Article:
What’s Better Than Money When You Don’t Have Any?

If you’re thinking of starting a new business, or if your existing business wants to grow, it’s easy to get frustrated if you don’t have the capital to fund what you’re dreaming about. But you don’t have to be frustrated. You can use your creative alternatives – and they are extensive.

First, ask yourself the two big questions: “If I had the money, how would I use it?” And “What would I spend it on?” For example, do you want to run ads, hire a sales force, or build an Internet website or e-commerce division? Do you want to expand your inventory? Your product offerings? Or do you need more technology, software, computers, and so forth? What is the purpose of your capital requirements. That is, where would that money go?

Once you’re clear on the answers to those questions, realize that you can persuade plenty of businesses and people to provide you with the equivalent of what your money would be used for. But instead of paying them upfront cash, they’ll probably accept a more creative payment alternative. Here’s a good example to stimulate your mind … A past client of mine had zero marketing money. So we got 1,000 magazines, newspapers, TV and radio stations to run ads for us, selling a starter-sized unit of our product for a $3 purchase.

The advertising media put up over $20 million in advertising for free, so we let them keep all the money from the first purchase (the $3 sell). We got enormous exposure – and a million people who purchased for the first time. But we also got 100% of the back-end (repurchases) too! And 500,000 out of the million people kept repurchasing over and over again. (They averaged 10 times with an average of $3 per purchase – or $30 each on the back end.) This promotion did so well that we made an 80% gross profit.

In fact, a NYSE-listed company asked us to sell the company for tens of millions of dollars. Does this give YOU any ideas? Here’s another example … A friend of mine needed a sales force, but he had no money to pay for salaries, travel, and so forth. So he did two brilliant things.

First, he found three people locally who sold non-competitive products to the same market he was targeting and offered them twice the normal commission to take on his product. They did – and sold millions of dollars worth. But he didn’t stop there. He found a large, well-capitalized telemarketing company whose main activity was calling homeowners at night.

Since they hardly used their daytime hours, they were delighted to sell my friend’s “business to business” product for him during that normally light time – and receive half the profit (which was four times their normal compensation). My friend didn’t care, because every sale that they generated was pure windfall profit (see “Word to the Wise,” below) for him – and, of course, he also got 100%, of the back end. Another friend found a business that had over 100,000 square feet of unused storage warehouse capacity.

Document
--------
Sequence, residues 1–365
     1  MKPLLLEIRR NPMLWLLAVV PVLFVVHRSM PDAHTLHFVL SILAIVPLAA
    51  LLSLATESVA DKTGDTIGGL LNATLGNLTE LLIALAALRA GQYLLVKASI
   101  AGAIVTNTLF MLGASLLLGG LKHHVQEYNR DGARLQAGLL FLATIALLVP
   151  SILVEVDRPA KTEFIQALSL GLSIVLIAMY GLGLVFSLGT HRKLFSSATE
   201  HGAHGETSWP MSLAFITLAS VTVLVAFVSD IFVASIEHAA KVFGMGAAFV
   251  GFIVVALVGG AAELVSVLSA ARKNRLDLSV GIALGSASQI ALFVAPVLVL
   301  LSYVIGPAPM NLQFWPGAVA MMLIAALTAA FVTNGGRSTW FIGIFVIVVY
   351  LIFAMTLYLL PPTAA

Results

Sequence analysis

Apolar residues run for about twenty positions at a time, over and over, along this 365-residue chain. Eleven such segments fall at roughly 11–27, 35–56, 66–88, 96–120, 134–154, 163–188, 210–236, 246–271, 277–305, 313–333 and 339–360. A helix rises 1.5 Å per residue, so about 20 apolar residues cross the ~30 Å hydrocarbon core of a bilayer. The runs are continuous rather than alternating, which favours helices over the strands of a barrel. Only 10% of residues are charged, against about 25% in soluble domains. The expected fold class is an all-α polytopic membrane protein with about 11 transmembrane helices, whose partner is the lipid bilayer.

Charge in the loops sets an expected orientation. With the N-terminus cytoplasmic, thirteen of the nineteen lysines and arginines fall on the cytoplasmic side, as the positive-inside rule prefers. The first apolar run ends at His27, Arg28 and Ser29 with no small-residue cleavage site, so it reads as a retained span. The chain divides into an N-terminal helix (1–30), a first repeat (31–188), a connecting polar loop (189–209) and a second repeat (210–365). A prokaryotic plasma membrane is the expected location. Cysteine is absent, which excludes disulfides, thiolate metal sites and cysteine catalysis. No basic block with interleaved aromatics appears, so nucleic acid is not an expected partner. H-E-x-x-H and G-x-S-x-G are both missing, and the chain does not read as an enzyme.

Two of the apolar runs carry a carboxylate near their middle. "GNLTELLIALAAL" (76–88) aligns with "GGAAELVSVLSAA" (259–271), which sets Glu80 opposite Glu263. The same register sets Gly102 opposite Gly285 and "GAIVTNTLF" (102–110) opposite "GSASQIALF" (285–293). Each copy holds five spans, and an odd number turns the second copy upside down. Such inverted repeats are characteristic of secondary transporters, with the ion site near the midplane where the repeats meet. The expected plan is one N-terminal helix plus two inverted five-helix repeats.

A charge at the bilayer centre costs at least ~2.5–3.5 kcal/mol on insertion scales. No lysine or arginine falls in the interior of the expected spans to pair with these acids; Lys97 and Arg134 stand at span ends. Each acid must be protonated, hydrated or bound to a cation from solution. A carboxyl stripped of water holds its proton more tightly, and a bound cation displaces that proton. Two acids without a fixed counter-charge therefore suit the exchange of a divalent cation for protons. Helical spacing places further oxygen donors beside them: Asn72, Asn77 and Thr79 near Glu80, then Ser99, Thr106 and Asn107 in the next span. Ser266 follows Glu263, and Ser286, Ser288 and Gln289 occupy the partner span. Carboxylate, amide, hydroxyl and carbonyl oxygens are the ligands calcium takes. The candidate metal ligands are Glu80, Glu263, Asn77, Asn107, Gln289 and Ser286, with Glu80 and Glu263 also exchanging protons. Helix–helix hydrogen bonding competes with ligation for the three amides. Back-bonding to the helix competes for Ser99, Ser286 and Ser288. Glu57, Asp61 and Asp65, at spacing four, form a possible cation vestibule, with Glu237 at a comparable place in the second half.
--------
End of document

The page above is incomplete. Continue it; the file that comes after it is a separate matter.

My friend needed 75,000 square feet, but was low on capital. He persuaded that company to furnish him with their unused space … in exchange for a small share of the sales he generated with the new products that he was able to inventory. Still another exciting story is about a friend who wanted to be in the business of selling cassettes at grocery stores and mini-marts. But he had no capital.

He learned my theory: that there’s always someone out there who needs what you want or need even worse than you need or want it … and who will be eager to make it happen for you. So he went out and found a huge music distributor that had just lost a major account and wanted to replace the business. He easily persuaded them to furnish hundreds of thousands of dollars worth of tapes for him to distribute in a way that allowed him to offer the grocers better payout terms than their current suppliers.

Both sides prospered mightily. Or how about barter? You can trade whatever product or service you sell or make for whatever you need. I’ve traded my consulting and seminar-type products for expensive trips, cars, jewelry, furnishings, and services for my office.

When they didn’t have capital, I’ve seen people make deals to get needed products or services (such as giving the provider a share of future sales in exchange for the needed items) for a period of time or up to a multiple over the market value of the product or service furnished. For example, once a friend got a software company to give him $200,000 of needed software in exchange for giving them 3% of his future sales for 18 months or $400,000, whichever came first.

[Ed. Note: Jay Abraham will be a featured speaker at ETR’s 2nd Annual Wealth Building Bootcamp this October. Jay is acknowledged as a unique and distinctive authority in the field of personal and business performance enhancement. He is a world-famous marketing expert extraordinaire. He is also a master at helping people maximize and multiply their wealth and assets. Jay is responsible for thousands of success stories. He has literally made billions for others as well as millions himself. To learn more about Jay’s upcoming appearance at ETR’s Wealth Building Bootcamp, please visit www.earlytorise.com/2005prereg.htm.]

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